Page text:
The philosophical case against abortion
There are four basic ways that the embryo or fetus is different from a newborn baby.
The first difference is size. Embryos are smaller than foetuses who are smaller (usually) than newborns. The question, then, is this. What
does size have to do with rights of personhood? The answer: nothing.
Smaller people are no more or less human than those who are bigger. Embryos and foetuses are smaller than newborns just as newborns are
smaller than infants and infants are smaller than toddlers and toddlers are smaller than adolescents and adolescents are smaller than teenagers
and teenagers are smaller than adults. Size doesn't matter. It is lawful to kill a fly and not lawful to kill a person, not because the
person is bigger, but because the person is human. Humanity is what matters. Trees are generally bigger than people, but it is lawful to
cut the branches off trees, but unlawful to cut arms off people. Why? Because humanity, not size, is what determines rights of personhood.
This might seem laughably obvious but there are a large number of people out there who actually justify abortion based simply on the tiny
size of the embryo or foetus.
Think about this, it is often true that newborn babies, born prematurely, are smaller than other foetuses who are still inside the womb.
Those foetuses still in the womb, may be aborted despite the fact that they are bigger than many premature newborns. To argue that abortion
is justified because early embryos and foetuses are so small is a rationale with no logical basis. Size doesn't determine personhood after
birth and it shouldn't determine personhood before birth.
Level of Development
It is quite true that embryos and foetuses are less developed than a newborn (unless, of course, that newborn was born prematurely). But this,
too, is a distinction which has no moral significance. It is a difference of degree, not of kind. Physical and/or intellectual development
has nothing to do with determining personhood outside the womb. It is equally insignificant for determining personhood inside the womb.
Children are generally less developed than adults. Adults with developmental disabilities may be less developed than some children, and
those with extraordinary mental capacity are no more human than those with lesser I.Qs. It is humanity, not brain capacity or arm strength
that determines personhood.
A person, as defined by the dictionary, is nothing more or less than a living human. Anyone who tries to narrow this general definition
of personhood does so in an attempt to eliminate a certain group of people who is either getting in their way or has something they want.
Creating self-defined definitions of personhood that are uniquely crafted to eliminate certain individuals from protection under the law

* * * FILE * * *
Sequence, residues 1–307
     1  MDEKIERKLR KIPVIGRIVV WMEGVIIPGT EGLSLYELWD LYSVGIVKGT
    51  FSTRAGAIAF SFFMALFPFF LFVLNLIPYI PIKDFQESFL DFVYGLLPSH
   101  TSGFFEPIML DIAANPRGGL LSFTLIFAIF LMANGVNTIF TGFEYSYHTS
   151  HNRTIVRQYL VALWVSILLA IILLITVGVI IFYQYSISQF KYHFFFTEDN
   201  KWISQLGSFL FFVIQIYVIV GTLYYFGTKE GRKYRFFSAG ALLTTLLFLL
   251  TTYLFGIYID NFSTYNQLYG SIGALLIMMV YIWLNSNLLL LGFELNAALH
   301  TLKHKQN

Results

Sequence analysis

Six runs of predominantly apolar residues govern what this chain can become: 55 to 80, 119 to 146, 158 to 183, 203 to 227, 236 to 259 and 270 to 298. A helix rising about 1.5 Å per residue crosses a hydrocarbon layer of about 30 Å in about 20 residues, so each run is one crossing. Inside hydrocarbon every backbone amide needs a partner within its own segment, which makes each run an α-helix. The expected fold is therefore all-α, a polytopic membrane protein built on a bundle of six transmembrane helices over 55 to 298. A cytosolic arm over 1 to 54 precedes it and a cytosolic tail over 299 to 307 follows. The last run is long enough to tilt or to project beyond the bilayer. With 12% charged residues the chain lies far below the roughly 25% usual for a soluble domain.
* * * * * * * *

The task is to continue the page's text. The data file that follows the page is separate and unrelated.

has long been the method of choice for implementing all manner of genocidal atrocities.
A person, simply put, is a human being. This fact should be enough.
The unborn child is exactly where he or she should be to mature for 9 months. At around this time (thought to be determined by the child) the
child travels a few inches down the birth canal in to the hands of the midwife.
What is it about this short journey that bestows value on to the child? One minute the child can be killed through abortion, the next minute
the child’s death would result in a prison sentence. What changes?
The fact is there is no moral difference between a child in the womb and a child outside the womb. The only difference is geographical.
Degree of Dependency
Is our humanity and therefore our worth dependent on how much we need others? Embryos and foetuses are certainly dependent on their mother
for their nutrition. Without the mother’s body (until “viability”) the child will die. Through the umbilical cord the child is supplied
with oxygen and nutrients.
But think about this: even when the child is born he is still dependent on his parents for his sustenance. The way in which he receives
his nutrition may well change from being through the blood to being through either breast or bottle. In fact the child would have to be
several years old until he could really be “viable.”
A kidney patient is dependent on her dialysis machine in order to survive. Does this mean she is not valuable? Someone living with diabetes
must take insulin to avoid slipping in to a coma. Are we permitted by law then to kill those who are dependent on drugs to live? We are
not because our value is not determined by how much we need others.
Embryos and foetuses are not dependent on their mother to be valuable.